Opinion of the Joint Commission for Coordination and Drafting:
To consider the possibility of changing the preposition “prior to” to “upon”.

Article (51)
Each representative of the Chamber of Deputies shall be deemed a representative of all people of the nation.
The state shall, for each representative of the Chamber, furnish the human and physical resources necessary for the representative to carry out the functions thereof adequately.

Opinion of the Joint Commission for Coordination and Drafting:
To change the word “representative” to “member” in the first paragraph.
To consider moving the second paragraph to Article (28).

Article (52)
The Chamber of Deputies shall, within the framework of the State Budget, enjoy independency at the administrative and financial levels.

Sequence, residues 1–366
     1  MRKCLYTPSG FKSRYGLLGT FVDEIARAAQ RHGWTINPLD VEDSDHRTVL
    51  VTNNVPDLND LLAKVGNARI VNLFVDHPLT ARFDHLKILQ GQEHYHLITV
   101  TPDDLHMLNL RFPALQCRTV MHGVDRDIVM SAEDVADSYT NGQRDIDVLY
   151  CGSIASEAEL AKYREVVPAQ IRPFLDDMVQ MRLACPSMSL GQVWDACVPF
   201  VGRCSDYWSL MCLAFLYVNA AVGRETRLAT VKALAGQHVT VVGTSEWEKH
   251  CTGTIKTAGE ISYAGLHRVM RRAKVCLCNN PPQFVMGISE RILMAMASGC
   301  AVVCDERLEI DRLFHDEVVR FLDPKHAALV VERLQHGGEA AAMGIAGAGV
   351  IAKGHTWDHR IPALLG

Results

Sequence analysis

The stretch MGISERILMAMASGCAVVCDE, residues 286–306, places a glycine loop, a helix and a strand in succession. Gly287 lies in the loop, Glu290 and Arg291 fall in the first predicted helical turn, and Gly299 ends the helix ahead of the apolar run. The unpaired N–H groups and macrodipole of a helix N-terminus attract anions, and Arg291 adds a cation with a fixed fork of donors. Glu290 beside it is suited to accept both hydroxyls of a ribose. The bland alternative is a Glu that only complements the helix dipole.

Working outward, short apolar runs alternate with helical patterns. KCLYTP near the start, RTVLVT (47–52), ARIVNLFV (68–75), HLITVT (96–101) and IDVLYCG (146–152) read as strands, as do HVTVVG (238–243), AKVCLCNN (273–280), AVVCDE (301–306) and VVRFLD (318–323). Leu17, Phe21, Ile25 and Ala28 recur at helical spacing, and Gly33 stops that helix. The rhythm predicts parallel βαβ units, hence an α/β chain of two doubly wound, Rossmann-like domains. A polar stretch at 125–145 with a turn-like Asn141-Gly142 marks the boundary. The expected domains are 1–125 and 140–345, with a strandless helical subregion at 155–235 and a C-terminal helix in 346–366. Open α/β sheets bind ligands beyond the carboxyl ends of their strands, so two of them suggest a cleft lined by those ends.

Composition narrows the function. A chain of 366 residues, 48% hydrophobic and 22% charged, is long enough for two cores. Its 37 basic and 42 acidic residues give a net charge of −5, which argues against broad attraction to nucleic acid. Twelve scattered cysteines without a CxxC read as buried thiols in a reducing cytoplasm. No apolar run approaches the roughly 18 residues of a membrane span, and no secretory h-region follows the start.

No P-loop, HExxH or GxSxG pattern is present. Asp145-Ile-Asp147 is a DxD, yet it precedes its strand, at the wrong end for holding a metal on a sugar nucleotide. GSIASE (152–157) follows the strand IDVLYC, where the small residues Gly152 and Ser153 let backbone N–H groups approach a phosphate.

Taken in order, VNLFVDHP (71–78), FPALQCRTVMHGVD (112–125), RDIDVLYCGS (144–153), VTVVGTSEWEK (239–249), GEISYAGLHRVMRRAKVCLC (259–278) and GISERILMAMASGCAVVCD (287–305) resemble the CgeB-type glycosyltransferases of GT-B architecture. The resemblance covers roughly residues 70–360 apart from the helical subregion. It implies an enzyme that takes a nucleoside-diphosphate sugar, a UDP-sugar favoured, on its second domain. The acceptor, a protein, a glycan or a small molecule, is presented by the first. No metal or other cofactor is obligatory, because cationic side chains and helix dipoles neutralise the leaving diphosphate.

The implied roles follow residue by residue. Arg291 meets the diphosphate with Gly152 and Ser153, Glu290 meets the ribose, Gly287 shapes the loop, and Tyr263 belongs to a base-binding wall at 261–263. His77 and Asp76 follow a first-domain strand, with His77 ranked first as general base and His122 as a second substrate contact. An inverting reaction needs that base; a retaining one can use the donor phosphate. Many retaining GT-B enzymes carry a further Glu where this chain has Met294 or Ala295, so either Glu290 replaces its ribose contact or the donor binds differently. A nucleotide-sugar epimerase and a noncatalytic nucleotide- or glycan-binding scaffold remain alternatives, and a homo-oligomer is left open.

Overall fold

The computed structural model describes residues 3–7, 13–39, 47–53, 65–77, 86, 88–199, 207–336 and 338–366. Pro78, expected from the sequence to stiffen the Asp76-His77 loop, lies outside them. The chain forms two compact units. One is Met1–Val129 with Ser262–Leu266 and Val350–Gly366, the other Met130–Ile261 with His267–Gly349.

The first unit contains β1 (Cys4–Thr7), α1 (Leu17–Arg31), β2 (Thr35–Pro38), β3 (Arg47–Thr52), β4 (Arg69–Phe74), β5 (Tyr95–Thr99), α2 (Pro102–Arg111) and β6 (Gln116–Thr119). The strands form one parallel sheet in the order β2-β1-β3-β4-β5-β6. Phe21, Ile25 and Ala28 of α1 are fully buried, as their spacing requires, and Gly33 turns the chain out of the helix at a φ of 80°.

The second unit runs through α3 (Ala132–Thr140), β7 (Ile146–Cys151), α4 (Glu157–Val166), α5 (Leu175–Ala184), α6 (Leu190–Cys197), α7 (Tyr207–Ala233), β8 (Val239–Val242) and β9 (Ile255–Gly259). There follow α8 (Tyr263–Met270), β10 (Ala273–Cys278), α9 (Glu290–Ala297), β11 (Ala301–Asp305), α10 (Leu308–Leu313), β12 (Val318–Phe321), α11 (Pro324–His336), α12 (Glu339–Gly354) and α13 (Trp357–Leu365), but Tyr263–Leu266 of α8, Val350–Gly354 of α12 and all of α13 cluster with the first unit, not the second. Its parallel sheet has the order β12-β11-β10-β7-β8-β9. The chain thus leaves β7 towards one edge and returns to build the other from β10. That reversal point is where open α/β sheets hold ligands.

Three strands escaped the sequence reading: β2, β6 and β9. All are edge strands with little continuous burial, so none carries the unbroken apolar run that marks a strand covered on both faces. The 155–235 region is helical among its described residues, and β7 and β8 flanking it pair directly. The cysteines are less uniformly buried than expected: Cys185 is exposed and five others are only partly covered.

The Chamber of Deputies shall make its statute and ratify it by an absolute majority of the members of the Chamber.

Article (53)
No member of the Chamber of Deputies may be prosecuted at a civil or criminal level, arrested or tried for opinions or proposals suggested and/or for the work performed thereby in connection with the performance of the functions thereof.

Opinion of the Joint Commission for Coordination and Drafting:
To change the adverb “in connection with” to “because of.”

Article (54)
No member of the Chamber of Deputies may, during the term of office thereof, be prosecuted or arrested for any crime or misdemeanour unless the member no longer enjoys immunity.

In the event of flagrante delicto, the member may be arrested and the Chamber of Deputies shall be notified promptly on the proviso that the member be released if the Chamber so requests. During its recess, the Chamber of Deputies is replaced by its Bureau.

Opinion of the Joint Commission for Coordination and Drafting: